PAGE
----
Visual Arts

Dangerously Political Americana With a Touch of Saccharine

For a glimpse of some dangerously political work, veiled as Americana with a touch of saccharine, be sure to check out Jin Joo Chae’s piece, The Sweet Taste of Capitalism with Communist Cream III in “The Spaces We Know” exhibit at Octavia Art Gallery, a group show featuring works by emerging Asian artists.

From a distance, the words Choco-Pie rendered in the Coca-Cola logo font and printed onto a North Korean newspaper yields interest in its simplicity. Up close, however, is when the “wow factor” kicks in, as the viewer realizes the faux logo is actually printed with milk chocolate and chocolate syrup, yielding a flawless three-dimensional impression. While it’s difficult to get literature out of North Korea, this South Korean artist was able to obtain copies of The Newspaper of the Worker from Columbia University. Even without being able to read the newsprint, one can divine the national pride of a country devoted to founder Kim Il Sung, his son Kim Jong Il and third generation leader Kim Jong Un, as the smiling faces of the workers peer through the letters of the logo. Her other two similarly-styled works are equally strong: Choco Pie with Communist Cream with its “everybody is happy” message accented by bittersweet chocolate, and Choco Pie with Capitalist Cream, with its martial arts demonstration enhanced by semi-sweet chocolate. Her last piece fashioned from soda cans, Choco Pie Wrapper, alludes to the subversive practice of handing out the beloved snacks to North Korean workers in lieu of forbidden cash bonuses.

Inspired by the movie classic The Wizard of Oz, Wang JiaJia’s Be it ever so beautiful. There is no place like home. succeeds in capturing the vivid Technicolor tornado in bright oranges and yellows, as colorful bits are sucked up from the ground by the vortex. Wang, who hails from a family of Chinese artists, uses the same oil, resin and spray paint technique on his other piece, Once upon a time in the west, with its darker composition. The work, which is as appealing as it is fascinating, can best be described as pumpkin-face-monster and triangle-head friends get attacked by asteroids and aliens from another planet while the world explodes.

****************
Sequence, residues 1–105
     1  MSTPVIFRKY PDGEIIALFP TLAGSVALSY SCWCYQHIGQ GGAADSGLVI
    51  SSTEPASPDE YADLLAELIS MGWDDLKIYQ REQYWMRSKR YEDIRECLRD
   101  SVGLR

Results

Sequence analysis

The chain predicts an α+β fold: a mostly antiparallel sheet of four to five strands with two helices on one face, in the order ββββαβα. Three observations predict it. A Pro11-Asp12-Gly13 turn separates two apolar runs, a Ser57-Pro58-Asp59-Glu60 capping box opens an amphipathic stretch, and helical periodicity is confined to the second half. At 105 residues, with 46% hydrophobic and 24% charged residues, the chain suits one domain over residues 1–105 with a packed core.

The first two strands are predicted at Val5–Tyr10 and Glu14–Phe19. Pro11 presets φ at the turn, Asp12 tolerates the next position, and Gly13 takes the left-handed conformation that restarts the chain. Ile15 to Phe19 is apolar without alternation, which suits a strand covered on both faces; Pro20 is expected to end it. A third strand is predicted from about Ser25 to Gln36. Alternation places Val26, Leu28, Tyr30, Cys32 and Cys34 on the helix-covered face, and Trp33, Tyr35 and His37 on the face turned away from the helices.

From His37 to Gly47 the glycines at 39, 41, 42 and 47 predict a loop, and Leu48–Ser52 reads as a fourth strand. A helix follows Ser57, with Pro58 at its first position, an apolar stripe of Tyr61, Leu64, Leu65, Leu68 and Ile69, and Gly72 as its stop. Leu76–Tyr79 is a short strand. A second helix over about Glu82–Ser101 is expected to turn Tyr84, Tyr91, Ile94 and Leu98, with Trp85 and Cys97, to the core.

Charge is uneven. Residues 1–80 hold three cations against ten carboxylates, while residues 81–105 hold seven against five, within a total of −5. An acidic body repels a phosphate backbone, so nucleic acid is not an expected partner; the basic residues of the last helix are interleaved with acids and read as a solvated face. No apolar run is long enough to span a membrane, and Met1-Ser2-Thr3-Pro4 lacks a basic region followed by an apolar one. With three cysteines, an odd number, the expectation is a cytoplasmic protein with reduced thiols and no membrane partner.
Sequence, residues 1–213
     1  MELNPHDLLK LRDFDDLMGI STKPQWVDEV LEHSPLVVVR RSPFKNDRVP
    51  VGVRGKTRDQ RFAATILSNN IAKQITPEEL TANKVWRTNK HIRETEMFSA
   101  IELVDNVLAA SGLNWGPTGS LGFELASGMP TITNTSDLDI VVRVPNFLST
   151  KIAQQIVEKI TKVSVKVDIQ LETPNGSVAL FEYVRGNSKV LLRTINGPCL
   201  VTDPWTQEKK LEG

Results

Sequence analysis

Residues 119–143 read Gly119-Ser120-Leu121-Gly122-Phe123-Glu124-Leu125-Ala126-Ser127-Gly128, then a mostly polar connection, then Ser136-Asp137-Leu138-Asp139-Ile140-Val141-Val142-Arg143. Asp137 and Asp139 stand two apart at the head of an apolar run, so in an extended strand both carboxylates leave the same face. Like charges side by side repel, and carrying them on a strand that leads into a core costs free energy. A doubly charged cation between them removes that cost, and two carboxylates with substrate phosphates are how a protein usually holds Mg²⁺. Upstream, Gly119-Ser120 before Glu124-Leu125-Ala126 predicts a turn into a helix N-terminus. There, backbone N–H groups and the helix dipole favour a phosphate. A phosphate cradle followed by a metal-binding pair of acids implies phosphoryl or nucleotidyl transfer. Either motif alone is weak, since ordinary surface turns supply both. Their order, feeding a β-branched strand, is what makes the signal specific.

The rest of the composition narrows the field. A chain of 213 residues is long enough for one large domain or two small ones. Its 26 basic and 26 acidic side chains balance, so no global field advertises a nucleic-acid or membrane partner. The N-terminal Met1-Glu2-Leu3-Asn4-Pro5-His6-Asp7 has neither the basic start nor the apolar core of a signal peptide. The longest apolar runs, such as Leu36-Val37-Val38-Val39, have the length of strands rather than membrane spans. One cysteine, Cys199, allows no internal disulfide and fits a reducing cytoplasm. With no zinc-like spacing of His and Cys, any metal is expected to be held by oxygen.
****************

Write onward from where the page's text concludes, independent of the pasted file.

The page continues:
Jed Foronda (Philippines) offers a few of his multi-layered topographical maps, where subsequent pages from a periodical are excavated to reveal concave shapes and colors. He offers two from his “birds within birds” series: Polyborus Vulgaris and Le Groenlandais, Faucon Blanc Mue; as well as two that feature geode-like zones with amorphous sides: Palmeria Dolei and Pepra Manacus.

Japanese artist Hidenori Ishii became fascinated by the local fauna that is beginning to take over the site of the 2011 Fukushima Daiichi nuclear power plant disaster. Works from his “IcePlants” series – Nostalgia I and Nostalgia II – feature muted ivy behind a controlled chain link fence, with colorful flowers beginning to form on the surface and dressed with frenzied strokes of glowing neon.

Guo Hongwei references the systematic classification system of a botanist in his meticulous chart of lilies, read from right to left and demonstrating various bloom states in his delicately rendered watercolor on paper, Plant No. 15.

“The Spaces We Know” continues through October 3, at Octavia Art Gallery, 3637 West Alabama, open Tuesdays to Fridays, 10 a.m. to 5 p.m., Saturdays 11 a.m. to 5 p.m., 713-877-1810 or

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Susie Tommaney is a contributing writer who enjoys covering the lively arts and culture scene in Houston and surrounding areas, connecting creative makers with the Houston Press readers to make every week a great one.
Contact: Susie Tommaney